A Life Well Lived

A Life Well Lived

I come from a close, caring, dysfunctional family. I was an anxious, sensitive teenager. My mum’s mother had been schizophrenic (we think – was never diagnosed) and my mother feared inherited insanity. My dad had a brother who had a breakdown (manic depression) My dad doesn’t 'Dwell on things’. I had what I now think was a breakdown of sorts and a long period of exhaustion after leaving college. I knew returning home was not a good idea. I did not see a doctor or have a formal diagnosis because I did not want to be medicated – [mental health awareness was fairly rudimentary at that time - I remember my housemate telling me to ‘Just take some E’s’….it was the early 90’s.] So, I got a job working afternoons and found a very good affordable therapist instead.

In my late 20’s, I discovered Buddhism and meditation and I became a retreat junkie instead. I have always worked part time as I am fearful so mindful of balancing my energy and anxiety levels. The upshot of retreatland was that I was meeting lots of rather attractive men who would be lovely but ultimately wanted to be up a mountain in a cave or they were simply dysfunctional too. I spent my most fertile years hanging out in a spiritual organisation that was quite anti marriage and family at that time. As I have also run a parallel life working with children (in very pro marriage and pro-family institutions) I had no desire to be a single parent either; I was understanding what poor means and I could see that parenting is quite stressful, quite a lot of the time. Also, my mother had been a family planning nurse, so I was careful.

I have two older sisters who both met their husbands in their early twenties. In my early thirties they both had two children with hard working, financially capable men. It was very painful being Cinderella, but they have taken great care to include me in their family lives and I have been given special status as Auntie Louise. This has been and is such a joy for me and I am so grateful to my family for this inclusion. I understand other women are not always so fortunate.

 In my late 30’s my attempts at dating became quite dark. At the same time, I had become quite stuck in the project I had set up [setting up and running nurture groups for ‘invisible children’ in schools] I was just very tired of doing it all on my own. I engineered an exit route from work and was given redundancy and a work-related trip to India as a last hurrah. I loved India, loved it, so I packed up my flat and lived there for 7 months. I worked in a school and went to the Dalai Lama’s teachings. I also met a Javier Bardem, in Eat Pray Love, lookalike, soundalike.... But then, true to form, he was quite dysfunctional and wanted to be on a motorbike and yes, up a mountain!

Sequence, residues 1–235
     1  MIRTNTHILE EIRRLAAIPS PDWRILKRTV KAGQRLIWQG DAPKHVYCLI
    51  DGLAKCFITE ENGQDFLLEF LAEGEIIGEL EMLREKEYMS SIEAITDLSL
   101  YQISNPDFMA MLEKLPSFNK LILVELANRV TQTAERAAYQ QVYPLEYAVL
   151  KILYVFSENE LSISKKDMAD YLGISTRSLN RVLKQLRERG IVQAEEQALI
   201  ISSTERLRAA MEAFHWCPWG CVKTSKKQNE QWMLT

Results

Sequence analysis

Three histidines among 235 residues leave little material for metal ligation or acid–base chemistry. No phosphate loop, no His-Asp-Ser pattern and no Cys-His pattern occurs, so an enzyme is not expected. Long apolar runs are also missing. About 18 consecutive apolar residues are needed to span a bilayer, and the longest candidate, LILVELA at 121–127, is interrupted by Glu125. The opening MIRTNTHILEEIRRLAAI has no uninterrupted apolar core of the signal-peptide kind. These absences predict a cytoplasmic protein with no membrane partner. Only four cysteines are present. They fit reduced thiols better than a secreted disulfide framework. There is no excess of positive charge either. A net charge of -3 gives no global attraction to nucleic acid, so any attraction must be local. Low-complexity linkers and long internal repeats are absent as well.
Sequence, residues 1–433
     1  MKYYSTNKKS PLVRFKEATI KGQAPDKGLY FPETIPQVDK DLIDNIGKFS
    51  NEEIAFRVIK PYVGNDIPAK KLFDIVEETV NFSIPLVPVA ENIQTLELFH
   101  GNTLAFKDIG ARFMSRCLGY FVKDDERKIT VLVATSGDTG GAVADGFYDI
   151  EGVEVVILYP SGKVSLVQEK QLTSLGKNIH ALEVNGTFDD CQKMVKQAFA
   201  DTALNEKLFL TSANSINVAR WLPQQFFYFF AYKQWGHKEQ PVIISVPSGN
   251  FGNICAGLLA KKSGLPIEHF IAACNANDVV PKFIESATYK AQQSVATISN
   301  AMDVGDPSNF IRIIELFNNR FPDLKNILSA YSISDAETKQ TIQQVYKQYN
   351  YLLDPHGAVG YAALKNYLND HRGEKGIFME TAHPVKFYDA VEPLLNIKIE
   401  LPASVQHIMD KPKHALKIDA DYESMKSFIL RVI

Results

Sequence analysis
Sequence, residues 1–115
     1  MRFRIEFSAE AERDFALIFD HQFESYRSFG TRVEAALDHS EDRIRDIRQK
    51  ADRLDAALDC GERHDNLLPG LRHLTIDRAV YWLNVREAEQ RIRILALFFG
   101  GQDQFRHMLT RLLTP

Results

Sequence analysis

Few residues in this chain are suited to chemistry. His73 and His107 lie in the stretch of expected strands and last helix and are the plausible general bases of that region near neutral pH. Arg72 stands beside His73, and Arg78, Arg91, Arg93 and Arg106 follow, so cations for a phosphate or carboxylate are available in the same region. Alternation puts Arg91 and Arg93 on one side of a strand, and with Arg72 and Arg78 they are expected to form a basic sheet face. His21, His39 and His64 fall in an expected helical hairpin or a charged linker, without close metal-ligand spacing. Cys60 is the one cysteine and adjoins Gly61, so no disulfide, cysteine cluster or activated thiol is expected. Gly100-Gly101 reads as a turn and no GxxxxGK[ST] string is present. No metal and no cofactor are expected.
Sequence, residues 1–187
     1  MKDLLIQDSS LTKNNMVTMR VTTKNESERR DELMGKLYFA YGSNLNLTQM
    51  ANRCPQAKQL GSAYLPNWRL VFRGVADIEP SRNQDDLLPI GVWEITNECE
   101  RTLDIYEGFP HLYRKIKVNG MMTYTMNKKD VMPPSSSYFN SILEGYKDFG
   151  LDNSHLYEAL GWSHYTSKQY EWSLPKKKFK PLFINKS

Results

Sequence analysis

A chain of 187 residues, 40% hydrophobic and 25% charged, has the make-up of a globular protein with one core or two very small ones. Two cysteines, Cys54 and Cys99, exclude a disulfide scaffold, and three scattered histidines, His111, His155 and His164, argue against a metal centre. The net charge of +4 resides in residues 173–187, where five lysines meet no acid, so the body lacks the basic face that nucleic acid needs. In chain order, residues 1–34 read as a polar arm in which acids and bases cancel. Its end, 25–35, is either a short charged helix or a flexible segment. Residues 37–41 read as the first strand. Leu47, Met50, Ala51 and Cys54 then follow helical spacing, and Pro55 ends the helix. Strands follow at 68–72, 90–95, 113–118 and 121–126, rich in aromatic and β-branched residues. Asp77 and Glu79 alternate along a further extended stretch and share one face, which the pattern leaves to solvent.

When I returned to England, I was ready to pack up the flat properly, give up working in schools and I was going to live and work in a retreat centre.  

Then, a year later at 42, my prince arrived. Finally, I reached a point of being relatively secure and content. I felt very strongly that it would be disrespectful to J. to do anything other than really get to know him first. He was rather ambivalent about having children too, but I felt that might have changed with time. So, it was a little late for me. If the relationship had been more established at 42, who knows.

I wonder now, but I don’t regret. I think my life is as it is and I know I / we have created a lovely life, privileged in many ways. My work, however, is still tricky. I enjoy working with the children very much but too often I find being around parents alienating, difficult, boring even. I really need to look at this, particularly as it is such a big part of what I do. So, once again, something fundamental has to change.

So, as I move through my 50’s and beyond, there is The Change of course. But then there are my changes and so the adventure continues.